Special to the Barrhaven Independent
For a kid growing up in Barrhaven, winning a gold medal for Canada would be the thrill of a lifetime.
Sara Hyami got to win a gold medal at the 2022 World Ringette Championships in Finland in November. And even though it wasn’t in a Team Canada jersey, it was still an incredible experience.
Hyami, a 16-year-old Grade 12 student at Longfields Davidson Heights Secondary School, took a couple weeks off last month to play for the United States women’s team at the world ringette championships. She qualified to play for the U.S. because her mom is from Virginia Beach, Virginia.
“Three years ago, there was a local player who went and played for the United States, and her mom talked to my mom about how I would be eligible to play for the US team,” Hyami said. “We found out about the tryouts in Michigan and there was also a tournament in Ottawa. The US is trying to rebuild their program and they are recruiting a lot of Canadian player who have US eligibility to go down and play for them. It’s exciting to be a part of it.”
Hyami thought about what it would be like to put a USA jersey on and play against Canada, but that scenario never played out. Canada and Finland are the two elite teams in world ringette, and they were alone as the only two teams in the tournament’s top tier. The United States was in the second tier, and they won gold. Hyami won an award as the Game MVP in the Americans’ win over Czechia.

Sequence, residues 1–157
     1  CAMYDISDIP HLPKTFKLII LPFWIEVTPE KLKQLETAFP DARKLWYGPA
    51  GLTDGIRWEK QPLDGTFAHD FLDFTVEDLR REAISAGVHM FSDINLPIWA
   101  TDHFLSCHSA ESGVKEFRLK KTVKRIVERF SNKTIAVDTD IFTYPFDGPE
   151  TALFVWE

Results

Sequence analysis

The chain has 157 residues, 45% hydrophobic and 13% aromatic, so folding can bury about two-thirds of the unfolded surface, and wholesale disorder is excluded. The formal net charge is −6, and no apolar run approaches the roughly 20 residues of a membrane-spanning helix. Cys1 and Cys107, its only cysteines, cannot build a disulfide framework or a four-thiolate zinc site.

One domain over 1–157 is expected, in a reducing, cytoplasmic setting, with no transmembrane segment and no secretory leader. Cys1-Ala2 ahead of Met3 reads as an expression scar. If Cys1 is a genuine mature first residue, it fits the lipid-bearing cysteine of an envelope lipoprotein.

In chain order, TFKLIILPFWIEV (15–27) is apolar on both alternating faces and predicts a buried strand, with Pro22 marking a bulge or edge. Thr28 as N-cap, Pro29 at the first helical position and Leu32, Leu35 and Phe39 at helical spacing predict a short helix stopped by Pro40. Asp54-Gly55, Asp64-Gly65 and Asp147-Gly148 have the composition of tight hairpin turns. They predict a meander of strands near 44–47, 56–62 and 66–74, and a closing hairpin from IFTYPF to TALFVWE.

“It was really exciting to go somewhere with your team and visit another country and experience everything,” she said. “Finland is a beautiful country. I loved how they had pastries at breakfast and the ice coffee was incredible.”
Hyami has been playing ringette in the Nepean Ravens program since she was six years old. She currently plays for the Ravens U-19 AAA ringette team. Playing in the world women’s championships was big jump for her.
“It was a great experience to play ringette at that level and speed,” she said. “I know that I improved a lot as a player because of the experience.”
A generation ago, there were very few opportunities for girls and women to play hockey. Ringette was an alternative. Now, with girls and women’s hockey programs growing, ringette has taken a bit of a back seat.
“I never played hockey, but a lot of players play both hockey and ringette,” Hyami said. “In the US especially, a lot of their ringette players are hockey players as well. They are different games. Ringette is faster, and you can focus on speed because there is no stickhandling.”
While winning gold was a dream come true for Hyami, it was back to reality as soon as she returned to Barrhaven.
“I missed two weeks of school, so I spent the first three days back doing nothing but school work,” she said. “It took a while to get caught up.”
Hyami is hoping to go to Carleton University next year and will continue playing for the Nepean U19 AAA team. She is also playing for Ringette Ontario in the Ontario Games. She is also looking for another opportunity to play for the United States.
“I am part of the team now, and I have made some great friends,” she said. “We are all talking about playing together again. It felt a little bit different to play for the US at the very beginning, but that feeling went away very quickly once the games started. We are a team, and I am all in.”